» Financial Economics
Financial economics is a branch of economics that is applied to the financial markets, such as the forex and stock markets. It studies the relationship among financial variables, such as prices, inflation and interest rates. Financial economics focuses on the impact of economic variables, such as GDP (gross domestic product) and CPI (consumer price index), on the financial markets. It involves building models based on the two key concepts of uncertainty and the time value of money. This branch of economy differs from others due to the emphasis on the study of "monetary activities."
How does Financial Economics Work?
Financial economics is a highly quantitative field. It studies the fair value of an asset by evaluating the associated risk factors, cash generated by the asset and whether the cash flow generation is dependent on an event or another asset. It also considers the asset’s market price as compared to that of similar assets while studying the asset’s fair value.
Moreover, financial economics studies financial instruments, such as bonds, commodities and stocks, the markets in which these instruments are traded, the financial institutions and market regulations.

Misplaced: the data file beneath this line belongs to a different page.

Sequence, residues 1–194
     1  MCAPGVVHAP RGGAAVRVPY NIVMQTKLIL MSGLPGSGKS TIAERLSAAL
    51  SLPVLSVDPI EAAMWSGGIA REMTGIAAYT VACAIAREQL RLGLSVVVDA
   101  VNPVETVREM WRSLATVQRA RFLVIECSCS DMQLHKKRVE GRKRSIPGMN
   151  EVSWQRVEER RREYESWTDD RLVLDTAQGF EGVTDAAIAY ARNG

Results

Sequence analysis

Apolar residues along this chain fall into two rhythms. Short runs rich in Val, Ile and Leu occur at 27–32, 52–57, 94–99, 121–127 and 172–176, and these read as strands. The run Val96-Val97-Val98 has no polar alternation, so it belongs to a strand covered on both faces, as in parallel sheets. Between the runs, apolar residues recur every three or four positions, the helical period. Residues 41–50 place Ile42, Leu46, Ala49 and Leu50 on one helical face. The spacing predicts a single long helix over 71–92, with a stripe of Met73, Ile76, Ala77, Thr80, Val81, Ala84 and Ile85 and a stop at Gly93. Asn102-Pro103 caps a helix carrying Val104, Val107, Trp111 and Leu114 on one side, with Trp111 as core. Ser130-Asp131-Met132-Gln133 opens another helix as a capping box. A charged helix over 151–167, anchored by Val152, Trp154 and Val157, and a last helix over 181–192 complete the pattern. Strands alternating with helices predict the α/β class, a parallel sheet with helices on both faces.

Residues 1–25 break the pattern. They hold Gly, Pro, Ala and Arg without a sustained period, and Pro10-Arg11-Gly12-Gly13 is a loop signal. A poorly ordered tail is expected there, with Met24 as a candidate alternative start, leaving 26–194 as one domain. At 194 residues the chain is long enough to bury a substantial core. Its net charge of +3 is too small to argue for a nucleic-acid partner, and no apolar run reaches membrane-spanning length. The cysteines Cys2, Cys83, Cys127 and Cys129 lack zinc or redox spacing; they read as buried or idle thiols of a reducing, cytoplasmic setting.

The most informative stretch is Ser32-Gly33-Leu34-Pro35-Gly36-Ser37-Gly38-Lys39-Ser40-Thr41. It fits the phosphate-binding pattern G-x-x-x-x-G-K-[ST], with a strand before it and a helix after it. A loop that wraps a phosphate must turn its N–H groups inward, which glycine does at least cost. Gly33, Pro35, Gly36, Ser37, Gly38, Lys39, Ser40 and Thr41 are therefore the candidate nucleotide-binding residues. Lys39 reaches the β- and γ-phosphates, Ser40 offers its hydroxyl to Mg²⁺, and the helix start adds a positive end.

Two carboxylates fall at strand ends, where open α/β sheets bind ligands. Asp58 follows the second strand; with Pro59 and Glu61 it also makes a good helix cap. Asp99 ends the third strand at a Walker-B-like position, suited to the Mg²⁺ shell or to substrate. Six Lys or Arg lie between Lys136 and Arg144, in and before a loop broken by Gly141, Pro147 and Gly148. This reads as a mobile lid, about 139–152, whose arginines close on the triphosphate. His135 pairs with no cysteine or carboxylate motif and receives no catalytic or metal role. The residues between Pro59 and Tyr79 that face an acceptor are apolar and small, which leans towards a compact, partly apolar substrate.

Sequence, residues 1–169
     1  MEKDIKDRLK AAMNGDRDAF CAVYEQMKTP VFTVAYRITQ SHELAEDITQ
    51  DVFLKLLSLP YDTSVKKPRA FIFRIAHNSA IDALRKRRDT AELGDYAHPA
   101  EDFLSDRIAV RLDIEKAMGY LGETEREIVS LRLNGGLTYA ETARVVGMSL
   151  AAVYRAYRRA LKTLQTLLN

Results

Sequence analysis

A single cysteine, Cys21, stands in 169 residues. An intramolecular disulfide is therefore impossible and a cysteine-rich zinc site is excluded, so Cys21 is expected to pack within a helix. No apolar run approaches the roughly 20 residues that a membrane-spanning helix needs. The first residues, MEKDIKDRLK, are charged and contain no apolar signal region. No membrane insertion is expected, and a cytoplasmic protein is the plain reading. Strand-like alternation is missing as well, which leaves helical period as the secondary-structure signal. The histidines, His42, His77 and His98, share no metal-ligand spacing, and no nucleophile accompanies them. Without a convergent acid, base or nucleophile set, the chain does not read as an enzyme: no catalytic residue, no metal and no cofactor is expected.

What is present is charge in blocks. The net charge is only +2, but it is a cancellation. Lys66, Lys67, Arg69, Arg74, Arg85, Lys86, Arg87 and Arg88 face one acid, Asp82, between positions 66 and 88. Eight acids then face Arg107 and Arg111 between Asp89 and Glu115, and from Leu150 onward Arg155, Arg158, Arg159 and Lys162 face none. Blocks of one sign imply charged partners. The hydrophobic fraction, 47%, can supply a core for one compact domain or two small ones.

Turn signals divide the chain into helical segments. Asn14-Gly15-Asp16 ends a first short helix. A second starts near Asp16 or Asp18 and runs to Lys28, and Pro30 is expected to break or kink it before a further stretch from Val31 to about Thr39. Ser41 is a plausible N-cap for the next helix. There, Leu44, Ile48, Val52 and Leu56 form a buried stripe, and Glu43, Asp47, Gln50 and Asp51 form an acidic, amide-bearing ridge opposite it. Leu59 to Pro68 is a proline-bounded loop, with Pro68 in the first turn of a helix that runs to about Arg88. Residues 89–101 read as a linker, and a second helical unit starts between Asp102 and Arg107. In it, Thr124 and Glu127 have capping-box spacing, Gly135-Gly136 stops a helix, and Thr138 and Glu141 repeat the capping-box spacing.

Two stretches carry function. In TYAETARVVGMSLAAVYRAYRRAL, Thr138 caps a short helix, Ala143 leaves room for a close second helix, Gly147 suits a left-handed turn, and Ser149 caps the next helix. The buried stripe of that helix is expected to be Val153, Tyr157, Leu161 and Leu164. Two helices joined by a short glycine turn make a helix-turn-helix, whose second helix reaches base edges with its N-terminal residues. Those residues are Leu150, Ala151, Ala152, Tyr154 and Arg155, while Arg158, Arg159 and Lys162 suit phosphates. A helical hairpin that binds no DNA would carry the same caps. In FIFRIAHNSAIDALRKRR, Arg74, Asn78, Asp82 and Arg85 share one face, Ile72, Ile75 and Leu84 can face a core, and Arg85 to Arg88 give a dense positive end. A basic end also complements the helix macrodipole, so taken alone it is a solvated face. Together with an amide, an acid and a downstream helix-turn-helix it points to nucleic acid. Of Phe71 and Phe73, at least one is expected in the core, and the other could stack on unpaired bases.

The basic concepts of financial economics revolve around the Portfolio Theory and the Capital Asset Pricing Model.
The Portfolio Theory propagates the minimization of the risk profile of an investment portfolio through the diversification of investment capital. Based on the assumption that investors are generally averse to risks, this theory focuses on the valuation of securities, allocation of resources (assets), optimization of portfolio and measurement of portfolio performance to maximize returns.
The Capital Asset Pricing Model (CAPM) helps in determining the price of a risky security by evaluating the associated risks and expected returns. This model takes into consideration that investors must be compensated for the risks they are undertaking and the time value of money. According to CAPM, the expected return from a security is the sum of the rate on a risk-free security and a risk premium. If this expected return is not equal to or higher than the required return from the security, then the investment is worthless.
Benefits of Financial Economics
Financial economics helps investors make more informed decisions about investment options.
Drawbacks of Financial Economics
Propagating “practical know-how and empirical tricks,” financial derivatives specialist Nassim Nicholas Taleb said, “The environment in financial economics is reminiscent of medieval medicine, which refused to incorporate the observations and experiences of the plebeian barbers and surgeons. Medicine used to kill more patients than it saved – just as financial economics endangers the system by creating, not reducing, risk.”
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